Till this day Spectrums are still sold, software is still written and games are played. As I write this article at my computer desk I have a spectrum setup to my left. With a dual monitor system for my PC the left monitor is also a TV and is permanently connected to the spectrum, a 32K RAM pack, and a cassette recorder.
- ZX Spectrum - Wikipedia
- Spectrum Hardware Layout - L BREAK
- The ZX Spectrum ULA: How to design a microcomputer
- World of Spectrum
The Simplicity in the Spectrum
The ZX Spectrum has a minimalistic design and is incredibly small for a computer, measuring only 223mm x 114mm x 30mm (W x H x D). The Spectrum uses a rubber membrane keyboard that is famous for its poor user-response but, personally, I feel that the keyboard is perfect for the machine.
The front of the ZX Spectrum. Such a lovely face!
The spectrum is held together using five small bolts screwed into the back. The backside also has four rubber feet (mine have disappeared over the years), the spectrum logo with some information, a serial number, and a speaker grid cut-out.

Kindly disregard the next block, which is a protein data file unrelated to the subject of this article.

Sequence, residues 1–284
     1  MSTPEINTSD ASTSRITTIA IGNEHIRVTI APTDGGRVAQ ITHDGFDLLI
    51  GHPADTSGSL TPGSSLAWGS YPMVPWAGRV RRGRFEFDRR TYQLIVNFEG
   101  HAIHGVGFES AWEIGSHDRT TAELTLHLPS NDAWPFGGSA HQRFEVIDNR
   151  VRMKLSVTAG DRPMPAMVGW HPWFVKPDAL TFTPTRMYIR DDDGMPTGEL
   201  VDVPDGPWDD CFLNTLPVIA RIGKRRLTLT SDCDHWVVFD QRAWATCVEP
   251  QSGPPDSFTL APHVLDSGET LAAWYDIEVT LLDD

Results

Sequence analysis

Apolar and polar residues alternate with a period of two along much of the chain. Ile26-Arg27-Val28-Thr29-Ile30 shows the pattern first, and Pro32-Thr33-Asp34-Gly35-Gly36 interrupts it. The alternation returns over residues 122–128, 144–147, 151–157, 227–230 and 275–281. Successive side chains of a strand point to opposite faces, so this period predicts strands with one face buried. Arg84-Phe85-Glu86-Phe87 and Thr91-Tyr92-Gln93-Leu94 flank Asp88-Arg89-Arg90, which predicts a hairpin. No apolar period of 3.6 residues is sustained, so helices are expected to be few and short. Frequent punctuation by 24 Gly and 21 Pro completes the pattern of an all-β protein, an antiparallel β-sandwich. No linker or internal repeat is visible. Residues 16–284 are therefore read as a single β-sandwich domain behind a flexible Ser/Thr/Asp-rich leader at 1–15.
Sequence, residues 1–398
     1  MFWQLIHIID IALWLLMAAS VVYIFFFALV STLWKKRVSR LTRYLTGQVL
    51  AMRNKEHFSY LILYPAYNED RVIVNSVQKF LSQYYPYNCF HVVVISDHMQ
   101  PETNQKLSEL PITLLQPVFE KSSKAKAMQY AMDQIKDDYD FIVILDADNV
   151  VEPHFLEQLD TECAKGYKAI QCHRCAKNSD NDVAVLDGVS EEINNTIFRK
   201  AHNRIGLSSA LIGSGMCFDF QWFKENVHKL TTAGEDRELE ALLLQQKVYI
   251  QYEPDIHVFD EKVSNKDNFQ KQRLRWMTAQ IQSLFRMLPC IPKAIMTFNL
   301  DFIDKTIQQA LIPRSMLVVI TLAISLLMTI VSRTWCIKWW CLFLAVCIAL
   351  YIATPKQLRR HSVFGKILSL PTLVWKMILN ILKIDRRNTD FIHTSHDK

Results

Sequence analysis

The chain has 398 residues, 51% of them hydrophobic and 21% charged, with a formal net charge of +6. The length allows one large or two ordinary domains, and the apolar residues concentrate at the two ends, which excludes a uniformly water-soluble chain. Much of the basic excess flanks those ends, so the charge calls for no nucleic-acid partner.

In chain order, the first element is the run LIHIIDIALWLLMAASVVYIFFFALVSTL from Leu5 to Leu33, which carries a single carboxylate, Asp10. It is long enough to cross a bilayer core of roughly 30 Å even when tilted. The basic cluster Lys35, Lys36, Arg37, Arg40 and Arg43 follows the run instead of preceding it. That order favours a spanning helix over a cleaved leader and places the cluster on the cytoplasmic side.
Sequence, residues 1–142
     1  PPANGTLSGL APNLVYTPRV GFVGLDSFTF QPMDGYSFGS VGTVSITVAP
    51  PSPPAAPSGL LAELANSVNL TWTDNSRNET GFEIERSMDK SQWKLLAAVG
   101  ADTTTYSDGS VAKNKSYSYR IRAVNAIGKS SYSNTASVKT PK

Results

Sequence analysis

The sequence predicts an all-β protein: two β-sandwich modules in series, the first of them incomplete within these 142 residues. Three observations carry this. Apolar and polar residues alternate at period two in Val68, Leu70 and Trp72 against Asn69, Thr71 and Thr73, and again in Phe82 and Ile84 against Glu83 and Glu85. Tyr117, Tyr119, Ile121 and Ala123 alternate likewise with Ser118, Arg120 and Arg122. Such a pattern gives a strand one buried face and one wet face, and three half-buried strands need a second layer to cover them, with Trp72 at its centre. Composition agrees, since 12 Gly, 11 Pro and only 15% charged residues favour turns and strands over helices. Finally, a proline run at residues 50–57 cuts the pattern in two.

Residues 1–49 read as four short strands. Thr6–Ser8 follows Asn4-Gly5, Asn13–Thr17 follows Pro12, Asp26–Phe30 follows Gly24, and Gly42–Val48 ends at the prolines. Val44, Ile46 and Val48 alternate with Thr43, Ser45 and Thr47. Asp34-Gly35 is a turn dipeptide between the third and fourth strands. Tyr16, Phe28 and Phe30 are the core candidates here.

The back of the ZX Spectrum
The Sinclair logo has to be the best logo ever!
The spectrum has only a few IO ports which are a generic IO port (which contains all the CPU control lines, datalines, and address lines), a mic and ear port (for tape cassettes), a power input jack, and a video output line. I have modified my Spectrum so that it bypasses the RF modulator and outputs composite colour, which not only allows the spectrum to use modern TVs but also has better video quality.
The parallel port—this could potentially damage the ULA
The Mic, Ear, and RF outputs
The Motherboard, Processor, and Memory